It is his testimony that possibility thinking works.

The weight of the massive stonework is gracefully and deftly carried aloft in slender rods that race and meld into cross ribbing of balanced geometric patterns. My eye is carried always upward. The thickness of walls remains cleverly concealed behind roods, screens, and arches. Soft, ambient colors of light filter through translucent walls of stained glass that murmur of parables and saints.

I could be standing beneath the nave of the Cathedral of Chartres, of Rheims, or any score of others erected during Europe’s Middle Ages. I vaguely suspect the richness and depth of theology enshrined for centuries in the quiet majesty of these monuments. They speak of an earlier time, a Christian time. It was a time when people sacrificed their lives and fortunes to erect these formal manifestations of a Christian world view, an ordered harmony of form and function repeated over and over again, in proportional geometric patterns of stone, echoing the order of God’s creation. Light, forced through the walls in rosetta patterns, reconciled the transcendent with the imminent—the medieval essence of beauty. Light was seen with a unifying quality that could carry the tentativeness of temporal existence into the eternal dimension. The cathedrals were at once a model of the medieval universe and an image of the celestial city.

The cathedral was physically, socially, and spiritually prominent in the cities and towns of the Middle Ages. It was a source of civic pride, a seat of civil government; it provided lodging for the transient, and gave substance to the religious faith of its parishioners. But just when cathedrals had risen to the supreme expression of a Christian civilization it seemed they became irrelevant as man chose to place himself first in the order of things.

During the intervening centuries, religious buildings have not regained a sense of theological unity. The attempts to recapture the lost spirit of cultural dominance for our own time, by fabricating artifacts (e.g., The National Cathedral in Washington, D.C., or the Cathedral of Saint John the Divine in New York City), demonstrate a nostalgia for a lost consensus and the lack of courage—or at least an ineptitude—to translate the gospel into icons that will speak of faith to our post-Christian culture.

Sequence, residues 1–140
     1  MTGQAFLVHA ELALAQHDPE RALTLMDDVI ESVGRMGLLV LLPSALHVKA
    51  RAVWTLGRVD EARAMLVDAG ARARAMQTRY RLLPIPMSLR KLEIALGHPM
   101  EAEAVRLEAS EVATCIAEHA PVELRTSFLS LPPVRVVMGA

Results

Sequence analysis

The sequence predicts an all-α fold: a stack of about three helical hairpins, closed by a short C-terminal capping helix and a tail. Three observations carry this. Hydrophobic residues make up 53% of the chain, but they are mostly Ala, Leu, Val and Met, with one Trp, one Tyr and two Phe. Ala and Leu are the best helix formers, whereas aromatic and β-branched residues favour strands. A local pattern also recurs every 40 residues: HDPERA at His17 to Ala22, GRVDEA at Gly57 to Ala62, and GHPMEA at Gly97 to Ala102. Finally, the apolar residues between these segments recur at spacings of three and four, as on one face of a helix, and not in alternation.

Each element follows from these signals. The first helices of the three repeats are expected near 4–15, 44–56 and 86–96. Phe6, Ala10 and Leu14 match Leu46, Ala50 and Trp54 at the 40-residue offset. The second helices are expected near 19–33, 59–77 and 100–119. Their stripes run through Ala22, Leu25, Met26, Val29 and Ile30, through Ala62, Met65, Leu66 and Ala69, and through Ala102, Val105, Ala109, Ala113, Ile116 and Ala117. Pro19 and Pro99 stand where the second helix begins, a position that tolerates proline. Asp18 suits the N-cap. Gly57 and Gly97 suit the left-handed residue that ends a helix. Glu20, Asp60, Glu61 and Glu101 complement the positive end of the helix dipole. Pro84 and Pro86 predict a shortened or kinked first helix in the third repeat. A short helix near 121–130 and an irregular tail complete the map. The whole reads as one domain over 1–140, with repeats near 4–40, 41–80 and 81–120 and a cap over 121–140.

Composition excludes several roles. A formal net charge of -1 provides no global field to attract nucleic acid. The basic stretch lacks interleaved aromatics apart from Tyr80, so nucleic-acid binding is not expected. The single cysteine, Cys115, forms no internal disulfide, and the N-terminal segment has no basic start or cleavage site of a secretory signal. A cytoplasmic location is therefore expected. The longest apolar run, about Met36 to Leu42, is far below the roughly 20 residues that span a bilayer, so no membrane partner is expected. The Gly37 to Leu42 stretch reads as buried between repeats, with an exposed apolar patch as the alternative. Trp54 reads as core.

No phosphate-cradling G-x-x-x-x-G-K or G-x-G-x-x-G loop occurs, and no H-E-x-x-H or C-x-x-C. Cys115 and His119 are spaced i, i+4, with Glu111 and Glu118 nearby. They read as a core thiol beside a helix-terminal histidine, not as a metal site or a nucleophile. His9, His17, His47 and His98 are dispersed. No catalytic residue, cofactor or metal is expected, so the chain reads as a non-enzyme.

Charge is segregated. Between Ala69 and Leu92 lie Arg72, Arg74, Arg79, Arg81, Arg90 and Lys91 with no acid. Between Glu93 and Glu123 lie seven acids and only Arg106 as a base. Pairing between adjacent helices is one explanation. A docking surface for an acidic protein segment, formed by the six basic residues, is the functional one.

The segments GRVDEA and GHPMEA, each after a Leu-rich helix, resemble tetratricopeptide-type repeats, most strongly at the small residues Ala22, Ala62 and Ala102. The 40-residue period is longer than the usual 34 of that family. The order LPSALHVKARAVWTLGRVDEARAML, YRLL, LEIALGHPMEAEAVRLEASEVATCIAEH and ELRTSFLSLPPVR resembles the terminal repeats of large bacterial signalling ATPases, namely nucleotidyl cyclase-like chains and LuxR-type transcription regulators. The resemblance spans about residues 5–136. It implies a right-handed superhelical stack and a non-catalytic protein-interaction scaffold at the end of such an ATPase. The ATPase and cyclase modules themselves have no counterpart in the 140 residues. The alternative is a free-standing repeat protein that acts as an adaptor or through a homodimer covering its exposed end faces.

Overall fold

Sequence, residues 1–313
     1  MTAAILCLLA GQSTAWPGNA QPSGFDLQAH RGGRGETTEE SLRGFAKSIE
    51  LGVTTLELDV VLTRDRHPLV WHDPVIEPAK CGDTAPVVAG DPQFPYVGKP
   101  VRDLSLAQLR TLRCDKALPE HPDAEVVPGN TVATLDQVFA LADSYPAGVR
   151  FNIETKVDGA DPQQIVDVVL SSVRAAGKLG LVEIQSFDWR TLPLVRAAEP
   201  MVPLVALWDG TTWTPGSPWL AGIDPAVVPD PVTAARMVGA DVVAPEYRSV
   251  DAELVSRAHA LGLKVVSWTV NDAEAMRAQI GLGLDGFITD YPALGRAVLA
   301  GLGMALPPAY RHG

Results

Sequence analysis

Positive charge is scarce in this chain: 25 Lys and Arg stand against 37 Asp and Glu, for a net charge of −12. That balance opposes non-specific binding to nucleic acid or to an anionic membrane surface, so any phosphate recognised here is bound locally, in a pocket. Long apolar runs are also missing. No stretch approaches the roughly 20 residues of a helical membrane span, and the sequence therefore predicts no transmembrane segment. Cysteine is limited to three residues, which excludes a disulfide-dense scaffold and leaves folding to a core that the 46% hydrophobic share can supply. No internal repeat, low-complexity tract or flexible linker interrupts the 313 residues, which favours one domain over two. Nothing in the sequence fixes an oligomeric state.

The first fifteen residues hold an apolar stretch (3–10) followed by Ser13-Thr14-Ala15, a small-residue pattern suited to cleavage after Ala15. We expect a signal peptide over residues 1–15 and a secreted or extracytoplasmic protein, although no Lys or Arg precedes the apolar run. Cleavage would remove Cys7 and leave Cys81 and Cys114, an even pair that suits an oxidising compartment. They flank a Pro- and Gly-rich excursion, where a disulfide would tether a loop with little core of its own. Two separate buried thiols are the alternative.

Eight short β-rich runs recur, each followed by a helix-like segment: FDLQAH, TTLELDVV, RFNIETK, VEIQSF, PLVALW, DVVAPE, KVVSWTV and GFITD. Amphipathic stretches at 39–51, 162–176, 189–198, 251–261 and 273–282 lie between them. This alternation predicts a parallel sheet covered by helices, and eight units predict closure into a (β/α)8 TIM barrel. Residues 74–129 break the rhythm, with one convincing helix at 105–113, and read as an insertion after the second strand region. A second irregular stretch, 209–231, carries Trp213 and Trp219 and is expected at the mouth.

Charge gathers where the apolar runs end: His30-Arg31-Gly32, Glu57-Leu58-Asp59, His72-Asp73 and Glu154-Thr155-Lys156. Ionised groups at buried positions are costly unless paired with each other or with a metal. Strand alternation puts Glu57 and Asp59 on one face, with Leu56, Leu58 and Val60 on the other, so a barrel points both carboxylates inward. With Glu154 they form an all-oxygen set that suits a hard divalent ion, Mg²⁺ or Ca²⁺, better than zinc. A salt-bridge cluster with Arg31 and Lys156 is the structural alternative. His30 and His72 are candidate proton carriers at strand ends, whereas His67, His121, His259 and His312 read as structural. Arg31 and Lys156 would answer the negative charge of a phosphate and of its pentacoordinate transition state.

Then, in the mid-fifties, Dr. Robert Schuller began to sweep up the dusty cobwebs of our spiritually diffident age and infuse it with “possibility thinking.” His supersaturated mixture of self-esteem and success crystalized into a current-age cathedral. Its 10,500 two-foot by six-foot glass cells, held together with sinews of filigreed steel, soar to a height of 128 feet. Its horizontal dimensions are 415 by 207 feet.

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Schuller began by trying to sell unchurched Californians on the promises of an afterlife and other-worldly “fantasies.” Californians seemed preoccupied with their inner hurts and the loss of esteem sustained in the here and now. Taking cues from his potential “customers” and rethinking the “sales” approach Jesus used, Schuller decided some product modification, or at least the use of more competitive packaging and a new psychologized sales strategy, were in order. He followed the lead of his mentor and fellow Reformed Church of America clergyman, Norman Vincent Peale, and coined “possibility thinking” as the way to make things happen: a marketing modernization of the Christian “faith concept,” but one that allows the user a greater sense of participation.

Schuller employs the marketing metaphor to undergird all aspects of his current ministry at Garden Grove Community Church. He calls the building complex a “22-acre shopping center for Jesus Christ.” The sparkling, 10,500-window “showroom” merits the label “cathedral” if only because it serves as an icon of Schuller’s theology. The saga of its financing also reflects the values and temper of our time.